After reading this article, you will be able to answer the following questions:
As an engineer at any organization, you will encounter CI/CD pipelines. These pipelines enable applications to be updated by deploying the latest code changes which are then manually or automatically deployed to all of your environments. The “CI” in CI/CD stands for Continuous Integration; put simply, this is the practice of automating the integration of code changes from multiple contributors into a single project (which is typically a shared GitHub repository). The “CD” component stands for Continuous Delivery, which equates to high degrees of automation that can help push code into production faster than ever. CI/CD is designed to require less human intervention, since there’s a chance of human error each time humans are involved in a process. By using CI/CD, you can ensure that you have more secure and more efficient pipelines that can be frequently changed or updated on the fly. In order for this to run smoothly and not break everything in sight, testing must be part of your release cycle.
Even if you are not a “DevOps engineer,” you will still interact with your organization's CI/CD. Fortunately, there are many tools that can help you. For example, your organization may be using applications like:
CI/CD pipeline tools enable you to automate your software delivery process. Without them, you would spend most days running several commands in order to apply your code changes to the applications that your company manages.
When using your CI/CD tool of choice, it's important to remember that these systems are predominantly gated. This means that a feature or release candidate is first released into a lower environment, then run through testing. Finally, a team will either deny or approve the process for deployment into the next environment until it reaches production.
LogDNA is different from other log management tools in that it aggregates all system and application logs into one centralized system while also using “automatic parsing” and intelligent filters to efficiently query the log lines you need.
LogDNA is very simple and fast to set up. You’ll be able to gather, monitor, alert, parse, live tail, graph, and analyze your logs is a few simple steps:
For a speedy setup, check out the Quick Start Guide. Below, we’ll dive into each of these steps in a bit more detail.
You can set up an account simply by going to the LogDNA sign up page. You will automatically be enrolled in a 14-day free trial. After you’ve set up your account, you’ll be asked for your organization's name. Then, you will have a few different methods for starting your log ingestion.
After you have set up your account, you’ll need to decide which log ingestion method will work best for you. You’ll be provided with an ingestion key as a way to connect, and you’ll have several options:
To show you how it all works, we will use CircleCI as our CI/CD tooling of choice. From the UI, we can see that the build has failed. We don’t quite know why it failed, so let's set up logging using LogDNA to dig deeper.
You’ll need to have version 2.1 of CircleCI, so be sure to check your config file and update if necessary. From here, you can search for the LogDNA Orb. If you’d like more detail before we begin, you can review this page.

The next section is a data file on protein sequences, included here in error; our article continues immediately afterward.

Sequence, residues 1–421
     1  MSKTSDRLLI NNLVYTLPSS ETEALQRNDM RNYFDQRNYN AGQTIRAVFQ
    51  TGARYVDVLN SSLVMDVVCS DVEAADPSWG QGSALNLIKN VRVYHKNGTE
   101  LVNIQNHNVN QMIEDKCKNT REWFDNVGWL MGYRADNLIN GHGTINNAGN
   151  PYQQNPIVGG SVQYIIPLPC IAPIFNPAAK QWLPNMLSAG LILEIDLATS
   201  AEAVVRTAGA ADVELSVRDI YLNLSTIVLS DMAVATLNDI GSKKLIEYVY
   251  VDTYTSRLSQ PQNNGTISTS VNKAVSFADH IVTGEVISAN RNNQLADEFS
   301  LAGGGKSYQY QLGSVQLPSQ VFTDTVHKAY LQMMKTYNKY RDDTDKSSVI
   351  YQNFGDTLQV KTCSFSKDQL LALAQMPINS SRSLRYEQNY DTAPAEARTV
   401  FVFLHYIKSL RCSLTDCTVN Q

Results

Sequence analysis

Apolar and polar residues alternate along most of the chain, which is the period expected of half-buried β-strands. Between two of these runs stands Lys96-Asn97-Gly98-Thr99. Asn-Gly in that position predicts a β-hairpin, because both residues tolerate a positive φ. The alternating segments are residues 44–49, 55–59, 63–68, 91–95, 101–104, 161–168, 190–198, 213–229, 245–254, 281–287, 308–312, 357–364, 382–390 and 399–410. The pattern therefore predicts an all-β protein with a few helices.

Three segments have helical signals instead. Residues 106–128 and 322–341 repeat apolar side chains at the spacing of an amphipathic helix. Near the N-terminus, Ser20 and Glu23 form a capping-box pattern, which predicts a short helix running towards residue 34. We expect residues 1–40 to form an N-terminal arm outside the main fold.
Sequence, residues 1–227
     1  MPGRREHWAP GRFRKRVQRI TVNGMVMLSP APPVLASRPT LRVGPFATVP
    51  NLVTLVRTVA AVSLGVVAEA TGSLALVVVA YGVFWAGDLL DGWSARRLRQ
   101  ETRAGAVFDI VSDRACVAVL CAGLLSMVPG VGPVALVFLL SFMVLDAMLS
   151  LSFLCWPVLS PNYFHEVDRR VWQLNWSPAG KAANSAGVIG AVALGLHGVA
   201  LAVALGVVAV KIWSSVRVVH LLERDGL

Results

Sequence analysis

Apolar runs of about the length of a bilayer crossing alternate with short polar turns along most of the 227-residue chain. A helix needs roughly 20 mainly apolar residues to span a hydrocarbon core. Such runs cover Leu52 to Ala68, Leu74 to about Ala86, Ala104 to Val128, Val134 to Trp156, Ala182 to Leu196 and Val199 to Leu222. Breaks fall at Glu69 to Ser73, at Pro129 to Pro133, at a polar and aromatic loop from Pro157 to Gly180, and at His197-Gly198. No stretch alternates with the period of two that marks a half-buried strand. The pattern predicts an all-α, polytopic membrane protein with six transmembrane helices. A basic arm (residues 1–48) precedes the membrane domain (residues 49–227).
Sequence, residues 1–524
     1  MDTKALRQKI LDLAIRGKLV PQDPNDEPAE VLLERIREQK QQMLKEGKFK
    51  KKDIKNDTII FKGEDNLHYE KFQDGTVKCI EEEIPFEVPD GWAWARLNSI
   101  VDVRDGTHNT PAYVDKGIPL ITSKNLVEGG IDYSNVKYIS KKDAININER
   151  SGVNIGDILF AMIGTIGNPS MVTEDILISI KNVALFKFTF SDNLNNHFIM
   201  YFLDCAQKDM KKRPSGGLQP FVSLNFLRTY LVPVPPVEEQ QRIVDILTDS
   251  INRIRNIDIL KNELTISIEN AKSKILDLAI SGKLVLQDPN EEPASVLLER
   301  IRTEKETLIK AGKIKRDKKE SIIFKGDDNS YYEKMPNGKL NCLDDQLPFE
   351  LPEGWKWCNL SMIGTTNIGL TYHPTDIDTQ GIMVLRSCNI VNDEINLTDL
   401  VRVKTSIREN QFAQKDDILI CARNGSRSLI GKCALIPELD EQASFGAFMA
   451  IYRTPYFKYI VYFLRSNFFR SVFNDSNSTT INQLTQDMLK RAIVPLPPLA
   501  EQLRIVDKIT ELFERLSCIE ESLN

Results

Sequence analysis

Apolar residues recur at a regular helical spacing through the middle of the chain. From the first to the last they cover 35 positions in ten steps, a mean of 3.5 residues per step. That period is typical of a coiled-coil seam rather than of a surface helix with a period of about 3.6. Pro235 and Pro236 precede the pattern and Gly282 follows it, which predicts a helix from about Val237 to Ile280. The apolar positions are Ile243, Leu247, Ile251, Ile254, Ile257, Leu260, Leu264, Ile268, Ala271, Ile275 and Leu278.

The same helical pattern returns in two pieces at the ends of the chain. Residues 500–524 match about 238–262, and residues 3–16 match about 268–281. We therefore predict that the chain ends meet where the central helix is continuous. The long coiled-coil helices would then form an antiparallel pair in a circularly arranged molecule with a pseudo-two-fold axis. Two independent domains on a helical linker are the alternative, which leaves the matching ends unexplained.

An orb is a sharable package of CircleCI configuration that you can use for your builds. You can choose from a public registry or you can create a private orb that can better suit your needs.
Let's set this up so that we can be notified of the status of a build event from our CI/CD pipeline. We’ll need some information from LogDNA to set this up.
You will need to update your configuration file with the code snippets outlined in the next step.
After you have successfully set up LogDNA for CircleCI, you'll be able to view and search your logs with ease. For example:
Setting up views with your error logs is super easy! Under the “Levels” tab, you can sort by the log level. If you only select the “Error” logs, you’ll create a view that will only display your error logs.
After selecting the log level error, you can create a new view so that you only see the error logs.
Now that you’ve (probably) interacted with a CI/CD tool, let’s see how we can make it better. More specifically, let’s see how we can better measure what success looks like from the CI/CD pipeline.
One of the most important things that centralized logging can do for your pipeline is to give you the ability to watch changes being applied to data as it flows in each environment, from development, to non-production, to production environments.
If you don’t have logging set up for your CI/CD pipeline, you won’t be able to see how changes affect the environment, and it will be extremely difficult to know how to move forward on the path to a successful production release. Without logs, you won’t be able to understand the effects of your code as it moves through the pipeline, which will prevent your team from being able to confirm that your changes are acceptable to move to the next environment in your stack.
You probably don’t have time to watch a deployment move through your CI/CD pipeline. A logging system will allow you to see what happened at a specific time that triggered a specific alert on lower environments (“lower" meaning earlier in the pipeline). This level of insight can be a tremendous help when it comes to understanding your workflow and finding the bottlenecks in your pipeline process.